• Reduced condensation in your property, reducing the chance of damage through mould and damp.
  • Furnishings and interior are protected from UV rays, meaning they will not be bleached by sunlight.
  • Low-E glass increases the durability of for example your bay or uPVC casement windows, meaning that they are less likely to receive damage during extreme weather conditions or during a burglary.
  • Windows with Low-E glass save you money on your energy bills by drastically improving the efficiency of your property.

Saving money with Low-Emission glazing

Simply, Low-E glass allows for better control over the temperature inside your home. It prevents heat from entering during the summer, reducing the amount of money spent cooling the property.

It also works to keep the ambient temperature level inside a property, meaning that in the winter it costs a lot less to heat your home.

Low-E glass is especially effective if you live in a region where you experience extremes of temperature, ranging from hot in the summer months to cold in the winter.

Do you also want to save money on energy? Replace your existing glazing with Low-E glass. Get your free glazing quotes here.

What are the disadvantages of Low-E glass?

Low-E glass also comes with a few disadvantages that you should consider before purchasing it:

  • Low-E glass is considerably more expensive than other types of glazing. This is largely due to the extensive manufacturing processes it needs to go through before it reaches the market. Depending on where you live, Low-E glass might not be the most economic option available.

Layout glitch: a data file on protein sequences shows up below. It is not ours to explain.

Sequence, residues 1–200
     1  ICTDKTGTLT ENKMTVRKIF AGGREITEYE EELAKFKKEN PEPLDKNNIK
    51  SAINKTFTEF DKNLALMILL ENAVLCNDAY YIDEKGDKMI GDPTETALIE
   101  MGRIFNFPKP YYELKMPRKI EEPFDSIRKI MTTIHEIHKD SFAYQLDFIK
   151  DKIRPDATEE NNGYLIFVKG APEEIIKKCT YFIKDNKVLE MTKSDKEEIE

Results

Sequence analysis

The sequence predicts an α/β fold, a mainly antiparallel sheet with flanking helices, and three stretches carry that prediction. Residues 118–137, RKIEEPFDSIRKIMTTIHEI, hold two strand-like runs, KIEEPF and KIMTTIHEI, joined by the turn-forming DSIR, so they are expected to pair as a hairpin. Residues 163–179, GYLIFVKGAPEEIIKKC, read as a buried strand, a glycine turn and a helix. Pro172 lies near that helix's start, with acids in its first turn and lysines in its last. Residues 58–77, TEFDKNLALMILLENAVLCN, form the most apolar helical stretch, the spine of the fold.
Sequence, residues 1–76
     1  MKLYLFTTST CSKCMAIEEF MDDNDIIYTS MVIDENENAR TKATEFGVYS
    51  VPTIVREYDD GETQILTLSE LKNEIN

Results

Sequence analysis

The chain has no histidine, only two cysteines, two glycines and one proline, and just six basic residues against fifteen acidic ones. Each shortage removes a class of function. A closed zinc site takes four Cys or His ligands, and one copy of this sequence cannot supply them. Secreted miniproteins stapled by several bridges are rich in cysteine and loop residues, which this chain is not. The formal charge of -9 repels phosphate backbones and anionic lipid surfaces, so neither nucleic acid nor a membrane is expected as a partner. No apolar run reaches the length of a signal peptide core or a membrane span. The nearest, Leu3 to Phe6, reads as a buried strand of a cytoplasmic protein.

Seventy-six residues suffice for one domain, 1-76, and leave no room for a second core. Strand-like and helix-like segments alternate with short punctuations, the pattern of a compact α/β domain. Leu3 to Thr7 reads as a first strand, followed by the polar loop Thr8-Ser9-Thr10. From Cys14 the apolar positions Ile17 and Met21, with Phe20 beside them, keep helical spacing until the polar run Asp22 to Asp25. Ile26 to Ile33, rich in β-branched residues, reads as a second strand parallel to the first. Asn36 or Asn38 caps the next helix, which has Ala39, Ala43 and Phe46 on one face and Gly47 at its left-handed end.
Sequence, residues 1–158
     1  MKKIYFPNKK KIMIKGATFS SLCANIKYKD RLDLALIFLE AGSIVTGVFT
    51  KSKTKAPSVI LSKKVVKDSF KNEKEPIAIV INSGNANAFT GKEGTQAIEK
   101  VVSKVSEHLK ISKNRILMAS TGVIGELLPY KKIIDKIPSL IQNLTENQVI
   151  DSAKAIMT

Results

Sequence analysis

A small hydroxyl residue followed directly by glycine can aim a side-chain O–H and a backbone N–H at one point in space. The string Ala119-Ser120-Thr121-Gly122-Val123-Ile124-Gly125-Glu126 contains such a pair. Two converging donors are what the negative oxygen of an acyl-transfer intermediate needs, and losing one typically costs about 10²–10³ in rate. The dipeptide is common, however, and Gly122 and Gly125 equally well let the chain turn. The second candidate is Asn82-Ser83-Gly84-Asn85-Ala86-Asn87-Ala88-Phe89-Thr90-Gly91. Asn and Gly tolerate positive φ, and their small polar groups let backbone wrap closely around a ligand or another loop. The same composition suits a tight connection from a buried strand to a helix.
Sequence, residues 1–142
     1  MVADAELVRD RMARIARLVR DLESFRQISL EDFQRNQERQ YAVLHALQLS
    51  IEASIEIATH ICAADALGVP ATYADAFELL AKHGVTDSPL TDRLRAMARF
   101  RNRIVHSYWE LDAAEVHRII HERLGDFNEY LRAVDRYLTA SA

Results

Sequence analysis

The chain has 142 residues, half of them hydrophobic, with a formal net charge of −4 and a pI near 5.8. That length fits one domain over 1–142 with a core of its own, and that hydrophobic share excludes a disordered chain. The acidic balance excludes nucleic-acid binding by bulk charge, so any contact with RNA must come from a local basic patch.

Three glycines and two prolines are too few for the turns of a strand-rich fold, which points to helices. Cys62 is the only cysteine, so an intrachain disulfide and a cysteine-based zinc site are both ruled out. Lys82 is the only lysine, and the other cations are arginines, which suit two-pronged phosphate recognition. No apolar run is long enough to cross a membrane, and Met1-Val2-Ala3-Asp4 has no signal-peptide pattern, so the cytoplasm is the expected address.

• Due to its material properties Low-E glass can sometimes be too effective if the temperature inside a property is not properly managed. If air conditioning units are left to run during the summer the property can become very cold.
  • Alternatively if heating is left on during winter then properties can become very warm.
  • One complaint is that some types of Low-E glass can create a haze on the sunlight entering a property. This overall detracts from the level of visibility through the window itself when compared to normal panes of glass.

What are the costs of Low-E glass?

The costs of Low-E glass coating is surprisingly reasonable.

The costs of a Low-Emissivity coating on existing glazing is on average £10 per square meter.

A coating decreases the U-value of your existing glazing. But for a great impact, installing new double or triple glazing with uPVC window frames is the best option.

You will find the costs of the different uPVC window types in the following guides:

Getting quotes from glazing installers

When looking to find a glazing installer it’s important to do your research. Low-E glass can be a major investment and should not be taken lightly.

Being informed about what you should expect is critical in any decision making and investment. Request different quotes from glazing installers in your area, so you can compare on price and quality.

Compare Local Glazing Installers
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> No obligation quotes - Takes only 2 minutes <